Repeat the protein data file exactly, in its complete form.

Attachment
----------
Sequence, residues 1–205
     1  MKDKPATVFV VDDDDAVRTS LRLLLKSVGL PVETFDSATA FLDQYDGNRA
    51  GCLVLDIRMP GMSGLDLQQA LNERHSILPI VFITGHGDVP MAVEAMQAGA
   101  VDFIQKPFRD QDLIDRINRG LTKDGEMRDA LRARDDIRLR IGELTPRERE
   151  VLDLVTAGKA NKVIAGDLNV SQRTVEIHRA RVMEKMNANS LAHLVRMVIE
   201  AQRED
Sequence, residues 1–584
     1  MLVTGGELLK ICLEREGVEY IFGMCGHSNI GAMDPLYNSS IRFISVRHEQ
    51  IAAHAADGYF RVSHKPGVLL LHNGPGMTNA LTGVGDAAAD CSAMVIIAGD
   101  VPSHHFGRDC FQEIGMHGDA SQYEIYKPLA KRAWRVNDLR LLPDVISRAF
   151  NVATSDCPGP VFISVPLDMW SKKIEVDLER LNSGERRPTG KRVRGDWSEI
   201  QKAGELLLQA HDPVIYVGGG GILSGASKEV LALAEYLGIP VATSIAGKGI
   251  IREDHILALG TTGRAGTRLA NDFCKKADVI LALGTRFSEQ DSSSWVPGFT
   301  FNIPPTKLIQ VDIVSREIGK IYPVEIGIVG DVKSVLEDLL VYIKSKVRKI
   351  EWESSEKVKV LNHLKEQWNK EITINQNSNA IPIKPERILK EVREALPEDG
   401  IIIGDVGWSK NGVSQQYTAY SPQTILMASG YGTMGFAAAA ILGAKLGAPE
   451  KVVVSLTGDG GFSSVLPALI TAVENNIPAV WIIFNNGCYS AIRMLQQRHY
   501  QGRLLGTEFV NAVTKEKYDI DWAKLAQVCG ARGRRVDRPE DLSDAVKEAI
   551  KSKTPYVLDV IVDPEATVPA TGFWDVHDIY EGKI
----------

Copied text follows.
Sequence, residues 1–205
     1  MKDKPATVFV VDDDDAVRTS LRLLLKSVGL PVETFDSATA FLDQYDGNRA
    51  GCLVLDIRMP GMSGLDLQQA LNERHSILPI VFITGHGDVP MAVEAMQAGA
   101  VDFIQKPFRD QDLIDRINRG LTKDGEMRDA LRARDDIRLR IGELTPRERE
   151  VLDLVTAGKA NKVIAGDLNV SQRTVEIHRA RVMEKMNANS LAHLVRMVIE
   201  AQRED
Sequence, residues 1–584
     1  MLVTGGELLK ICLEREGVEY IFGMCGHSNI GAMDPLYNSS IRFISVRHEQ
    51  IAAHAADGYF RVSHKPGVLL LHNGPGMTNA LTGVGDAAAD CSAMVIIAGD
   101  VPSHHFGRDC FQEIGMHGDA SQYEIYKPLA KRAWRVNDLR LLPDVISRAF
   151  NVATSDCPGP VFISVPLDMW SKKIEVDLER LNSGERRPTG KRVRGDWSEI
   201  QKAGELLLQA HDPVIYVGGG GILSGASKEV LALAEYLGIP VATSIAGKGI
   251  IREDHILALG TTGRAGTRLA NDFCKKADVI LALGTRFSEQ DSSSWVPGFT
   301  FNIPPTKLIQ VDIVSREIGK IYPVEIGIVG DVKSVLEDLL VYIKSKVRKI
   351  EWESSEKVKV LNHLKEQWNK EITINQNSNA IPIKPERILK EVREALPEDG
   401  IIIGDVGWSK NGVSQQYTAY SPQTILMASG YGTMGFAAAA ILGAKLGAPE
   451  KVVVSLTGDG GFSSVLPALI TAVENNIPAV WIIFNNGCYS AIRMLQQRHY
   501  QGRLLGTEFV NAVTKEKYDI DWAKLAQVCG ARGRRVDRPE DLSDAVKEAI
   551  KSKTPYVLDV IVDPEATVPA TGFWDVHDIY EGKI